for the scifi'ers among us
There was a sudden high-pitched harmonic humming that seemed to come from everywhere in the room, then the machine (along with Dr. Stevenson) vanished, leaving behind only thin air and silence. Benjamin stared at the empty space on the laboratory floor and wondered.
Only moments before, the space on the floor (as well as much of the air) had been occupied by what was perhaps the most magnificent contraption ever conceived by man. Magnificent not just for the incredible function which it performed -- though this in itself might suffice for the superlative -- but for its amazing appearance, which could only be described as divine. Dr. Stevenson had built a traveling machine, a machine that could cross the far boundaries of interstellar space as easily as you could walk from the living room to the bathroom -- but how beautiful it was!
The machine consisted of an airtight capsule surrounded on all sides by a tenuous and intricate network of fibrils that extended about ten feet from each side. The network was always undulating slowly, being affected by the slightest of air currents. Marvellous that something so barely substantial could grip the mightiest trunk-strands underlying the universe's structure and pull along them with such infinite power!
When the machine had vanished it had entered hyperspace, which was also, according to Dr. Stevenson, the realm of the Soul, or higher psyche. Whether this was true, it seemed certain that wherever the Doctor was now, only God could help him if something went wrong. There was nothing Benjamin could do except wait and hope.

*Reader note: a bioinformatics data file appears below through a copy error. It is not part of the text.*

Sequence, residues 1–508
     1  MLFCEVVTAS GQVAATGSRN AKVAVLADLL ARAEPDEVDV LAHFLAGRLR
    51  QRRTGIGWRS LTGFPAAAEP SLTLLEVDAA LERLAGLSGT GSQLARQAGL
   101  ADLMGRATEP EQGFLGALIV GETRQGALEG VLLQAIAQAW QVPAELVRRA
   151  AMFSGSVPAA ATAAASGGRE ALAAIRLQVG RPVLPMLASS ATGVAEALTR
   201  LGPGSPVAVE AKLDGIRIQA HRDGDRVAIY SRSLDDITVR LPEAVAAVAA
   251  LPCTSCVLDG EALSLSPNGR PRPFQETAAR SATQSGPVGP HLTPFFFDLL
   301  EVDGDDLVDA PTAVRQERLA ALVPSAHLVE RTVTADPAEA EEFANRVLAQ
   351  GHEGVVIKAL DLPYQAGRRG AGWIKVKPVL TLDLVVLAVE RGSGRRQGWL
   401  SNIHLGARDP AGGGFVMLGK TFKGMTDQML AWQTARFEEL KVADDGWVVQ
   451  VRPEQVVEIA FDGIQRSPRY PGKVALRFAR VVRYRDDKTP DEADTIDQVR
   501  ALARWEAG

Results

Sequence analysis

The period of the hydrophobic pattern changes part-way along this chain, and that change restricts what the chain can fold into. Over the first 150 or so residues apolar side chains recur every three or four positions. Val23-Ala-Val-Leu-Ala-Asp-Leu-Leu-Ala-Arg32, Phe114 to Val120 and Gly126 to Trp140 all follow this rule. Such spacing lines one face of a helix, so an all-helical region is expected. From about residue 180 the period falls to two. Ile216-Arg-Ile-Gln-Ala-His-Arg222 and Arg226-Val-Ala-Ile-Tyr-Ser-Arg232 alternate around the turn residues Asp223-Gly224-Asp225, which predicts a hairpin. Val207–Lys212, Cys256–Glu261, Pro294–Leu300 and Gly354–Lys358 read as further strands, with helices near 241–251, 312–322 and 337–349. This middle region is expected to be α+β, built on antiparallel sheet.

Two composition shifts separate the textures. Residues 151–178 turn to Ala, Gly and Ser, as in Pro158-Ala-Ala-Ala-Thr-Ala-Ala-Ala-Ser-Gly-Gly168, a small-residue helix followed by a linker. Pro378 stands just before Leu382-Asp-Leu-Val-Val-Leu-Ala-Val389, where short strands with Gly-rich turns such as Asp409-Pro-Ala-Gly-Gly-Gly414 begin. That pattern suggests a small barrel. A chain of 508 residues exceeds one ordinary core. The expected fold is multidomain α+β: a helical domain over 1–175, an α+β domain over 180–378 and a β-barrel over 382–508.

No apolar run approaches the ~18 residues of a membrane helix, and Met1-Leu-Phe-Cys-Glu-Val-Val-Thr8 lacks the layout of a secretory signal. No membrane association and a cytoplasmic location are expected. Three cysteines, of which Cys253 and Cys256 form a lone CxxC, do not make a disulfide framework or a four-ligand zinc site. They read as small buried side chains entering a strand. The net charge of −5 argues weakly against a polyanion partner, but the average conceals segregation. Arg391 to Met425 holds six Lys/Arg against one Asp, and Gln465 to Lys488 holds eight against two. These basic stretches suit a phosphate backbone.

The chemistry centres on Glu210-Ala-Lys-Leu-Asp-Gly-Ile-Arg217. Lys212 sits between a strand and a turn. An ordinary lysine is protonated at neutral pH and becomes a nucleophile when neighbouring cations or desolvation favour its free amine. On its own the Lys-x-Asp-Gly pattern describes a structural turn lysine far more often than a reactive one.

* * * * *
How long that wait would be, Benjamin could only guess. He had tried to broach the topic of danger but the Doctor had brushed aside his concerns. Dr. Stevenson was much more interested in the wonders knew he would find, danger was not something he would even consider. Benjamin, realizing he could not win, surrendered to the Doctor's enthusiasm.
Dr. Stevenson, like so many before him, was brilliant and single-minded. Benjamin had enjoyed the discussions of hyperspace and the building of the machine. But, lacking the Doctor's belief in his own infallibility, he could never lose sight of the potential for disaster. The waiting would only make this worse, Benjamin realized, but there was little else he could do. Success or failure was in the Doctor's hands, and it always had been.
He turned to walk to the lab door, deciding that waiting with a full stomach was better than waiting with an empty one. Benjamin had hardly moved a millimeter when he found himself face down on the lab floor. As he would remember it later, it was as if a large hand had pushed him in the back, knocking his feet out from under him and taking his breath away.
Benjamin turned himself over, wincing at the sudden pains in his head and chest, and looked over at the other side of the room. He was no longer alone in the lab. The machine had returned, and appeared little changed from before. The person, if one could call the shape in the pilot's seat a person, with it was not Dr. Stevenson, nor even vaguely human. Benjamin's premonitions of disaster seemed fully confirmed.
Trying to put a bold face on it, Benjamin decided to speak first.
"Dr. Codfish, I presume?" He was pleased; he had managed to keep the tremolo out of his voice, and even to inject an element of scorn.
"Slssh-sshh," his gormless interlocutor rejoined. "Yrsh harshv thesh ashvantatch ofsh meesh, shorr."
"My name is not any concern of yours, 'Doctor;' your concern right now is to explain to me precisely what you have done with Dr. Stevenson. If your explanation is not satisfactory, I shall have no recourse but to take steps certain to be to your grave disadvantage."
"Jusht ash moshmensht." The hideous mound of flesh adjusted itself, shuddered, and quite suddenly extruded a pseudopod. At the end of the pseudopod was a small, rigid object, like a beartrap designed to catch raccoons. This object the pseudopod abruptly jammed into the great sloppy orifice from which had been issuing Dr. Codfish's rude efforts to simulate human speech sounds.
After a few further shudders, the mound spoke again.
"Ah yesh. Mush bedder. My dear shurr, the eggshplanashun is shimplicity itshelf. You shee, I am here ash an emishary -- and Dr. Shtevenshon ish in terrible danger!"
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